The timing of Japan’s national so-called basic policy on integrated resorts (IRs), as casino complexes are known in that country, is one of the main “uncertainties” to be addressed in order to help would-be investors, suggests Ayako Nakayama, representative director of a body called the Japan IR Association, in comments to GGRAsia.
The organisation, described as a voluntary group that connects domestic and international entities interested in the IR initiative, recently completed a survey of 132 people described as “industry professionals” identified as being involved in Japan’s IR push. The poll asked how the Covid-19 pandemic had affected their outlook on investment in Japan.
An aggregate “66.7 percent” of respondents saw “no change” to their appetite for participating in Japan’s IR programme.
A total of up to three casino resorts will be permitted in that nation in a first phase of liberalisation.
The association’s Ms Nakayama noted to GGRAsia that one respondent voiced the view that anyone making “large investments” does not generally enjoy facing “uncertainties”.
She added that in the specific case of Japan’s IR effort, the current absence of the national government’s basic policy was “one of them” from the perspective of would-be investoers.
Any national government “announcements regarding the basic policy,” and regarding the application period in which interested local governments must apply to the national government for the right to host an IR, “have significance in firmly demonstrating the feasibility of Japan’s IR [initiative] in the future, and should be appropriately presented,” she further noted.
It had been previously mentioned in government circles and by investment analysts that the national basic IR policy was to be released by July 26. But a news report in late July, citing a national government-linked source, said that the publication of the final version of the document would be delayed until August or later.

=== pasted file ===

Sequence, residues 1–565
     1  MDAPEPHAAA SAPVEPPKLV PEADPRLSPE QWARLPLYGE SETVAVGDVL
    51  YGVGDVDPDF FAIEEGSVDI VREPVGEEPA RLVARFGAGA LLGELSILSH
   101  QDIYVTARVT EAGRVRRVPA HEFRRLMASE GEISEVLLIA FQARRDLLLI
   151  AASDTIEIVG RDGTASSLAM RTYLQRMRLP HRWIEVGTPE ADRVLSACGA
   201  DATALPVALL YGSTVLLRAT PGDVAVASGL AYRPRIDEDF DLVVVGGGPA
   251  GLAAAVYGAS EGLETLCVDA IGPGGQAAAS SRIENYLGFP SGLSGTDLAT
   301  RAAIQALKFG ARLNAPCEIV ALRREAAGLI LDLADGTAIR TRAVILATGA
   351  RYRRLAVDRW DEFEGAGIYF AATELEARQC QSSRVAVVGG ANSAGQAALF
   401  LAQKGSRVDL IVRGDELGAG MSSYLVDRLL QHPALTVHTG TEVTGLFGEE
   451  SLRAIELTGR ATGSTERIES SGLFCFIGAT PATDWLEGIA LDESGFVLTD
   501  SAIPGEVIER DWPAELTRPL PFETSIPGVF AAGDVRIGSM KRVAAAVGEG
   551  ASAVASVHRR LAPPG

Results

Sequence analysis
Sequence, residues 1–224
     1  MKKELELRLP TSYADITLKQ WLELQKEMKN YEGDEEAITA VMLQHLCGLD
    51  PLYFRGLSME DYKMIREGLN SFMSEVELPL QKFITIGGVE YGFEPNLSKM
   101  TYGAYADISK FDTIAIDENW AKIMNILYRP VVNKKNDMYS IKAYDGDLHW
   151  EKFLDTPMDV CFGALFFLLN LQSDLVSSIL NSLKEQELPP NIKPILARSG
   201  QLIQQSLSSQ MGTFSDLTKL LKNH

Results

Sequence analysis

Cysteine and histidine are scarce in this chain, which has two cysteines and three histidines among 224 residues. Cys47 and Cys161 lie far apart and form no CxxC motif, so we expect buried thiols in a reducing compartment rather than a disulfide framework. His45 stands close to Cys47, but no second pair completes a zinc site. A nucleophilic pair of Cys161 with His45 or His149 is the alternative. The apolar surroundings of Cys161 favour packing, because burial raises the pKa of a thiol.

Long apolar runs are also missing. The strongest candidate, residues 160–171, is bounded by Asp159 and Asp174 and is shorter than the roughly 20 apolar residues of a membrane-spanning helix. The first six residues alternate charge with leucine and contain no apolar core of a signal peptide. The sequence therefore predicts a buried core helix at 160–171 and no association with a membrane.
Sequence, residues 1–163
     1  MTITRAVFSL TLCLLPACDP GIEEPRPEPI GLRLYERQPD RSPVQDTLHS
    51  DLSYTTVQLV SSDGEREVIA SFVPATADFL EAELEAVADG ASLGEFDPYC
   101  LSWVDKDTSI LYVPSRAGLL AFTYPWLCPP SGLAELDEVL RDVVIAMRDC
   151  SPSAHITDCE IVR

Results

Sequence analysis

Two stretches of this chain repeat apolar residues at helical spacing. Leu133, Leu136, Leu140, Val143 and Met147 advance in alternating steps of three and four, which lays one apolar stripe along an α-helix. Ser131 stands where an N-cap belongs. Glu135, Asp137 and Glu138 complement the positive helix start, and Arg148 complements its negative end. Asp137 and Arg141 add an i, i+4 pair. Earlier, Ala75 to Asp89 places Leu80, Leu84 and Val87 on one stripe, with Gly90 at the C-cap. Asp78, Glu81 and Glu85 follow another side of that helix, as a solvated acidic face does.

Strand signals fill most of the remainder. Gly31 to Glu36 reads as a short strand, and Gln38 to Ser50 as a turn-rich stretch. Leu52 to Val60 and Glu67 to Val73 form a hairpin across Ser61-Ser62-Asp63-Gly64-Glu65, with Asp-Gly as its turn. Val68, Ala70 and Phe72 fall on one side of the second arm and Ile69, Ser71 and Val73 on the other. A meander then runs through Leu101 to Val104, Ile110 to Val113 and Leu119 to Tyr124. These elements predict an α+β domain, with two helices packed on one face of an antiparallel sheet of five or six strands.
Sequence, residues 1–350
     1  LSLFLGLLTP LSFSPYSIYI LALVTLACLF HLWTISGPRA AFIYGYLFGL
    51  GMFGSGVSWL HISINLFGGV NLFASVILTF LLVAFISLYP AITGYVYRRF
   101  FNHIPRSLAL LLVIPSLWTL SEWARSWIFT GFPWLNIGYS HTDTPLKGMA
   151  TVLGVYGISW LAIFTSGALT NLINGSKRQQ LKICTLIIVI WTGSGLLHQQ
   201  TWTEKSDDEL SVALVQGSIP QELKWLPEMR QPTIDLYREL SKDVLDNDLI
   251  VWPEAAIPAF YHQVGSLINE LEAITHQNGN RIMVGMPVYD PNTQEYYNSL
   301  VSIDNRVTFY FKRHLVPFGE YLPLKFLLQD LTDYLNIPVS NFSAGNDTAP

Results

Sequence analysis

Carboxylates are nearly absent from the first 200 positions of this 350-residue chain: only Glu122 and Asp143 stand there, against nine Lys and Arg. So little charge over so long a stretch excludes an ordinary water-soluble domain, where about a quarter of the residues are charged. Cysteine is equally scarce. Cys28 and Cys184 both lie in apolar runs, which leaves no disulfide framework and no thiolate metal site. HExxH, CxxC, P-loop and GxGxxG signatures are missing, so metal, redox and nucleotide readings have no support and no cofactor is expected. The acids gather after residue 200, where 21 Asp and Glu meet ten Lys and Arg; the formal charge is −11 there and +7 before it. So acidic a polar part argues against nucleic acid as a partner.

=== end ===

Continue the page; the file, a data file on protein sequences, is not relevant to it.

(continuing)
Delay to publication of the national basic policy on IRs could have implications for a key phase in the first half of 2021, when local governments – in concert respectively with their selected private-sector partners – must apply to the national government for the right to host a casino resort.
“There are new items to the IR basic policy that are yet to be finalised, with added emphasis on infectious diseases and disaster response,” noted industry consultant Joji Kokuryo, in comments to GGRAsia.
Mr Kokuryo, managing director of Tokyo-based consultancy Bay City Ventures Ltd, added: “The central government will need to spend time going through due procedure before finalising these additions, and this will happen after the issues relating to the [national] economy, budgets and medical measures are clarified.”
Apart from the IR basic policy, there were other challenges identified by respondents to the Japan IR Association’s poll, said Ms Nakayama.
“International economics” against the background of the Covid-19 crisis; “existing legal and regulatory requirements for Japan IRs”; and the “future of domestic inbound demand” were the other main challenges mentioned in the survey, according to the poll.
Jan 18, 2021Japan’s Wakayama prefecture confirmed on Friday (January 15) that no new suitors interested in being private-sector partner for the local government’s tilt at a casino resort, had come forward to...
Jan 15, 2021
“We expect Las Vegas Sands to not have any material change in strategy. The focus remains developing Macau and Singapore”
Vitaly Umansky, Kelsey Zhu and Tianjiao Yu
Analysts at brokerage Sanford C. Bernstein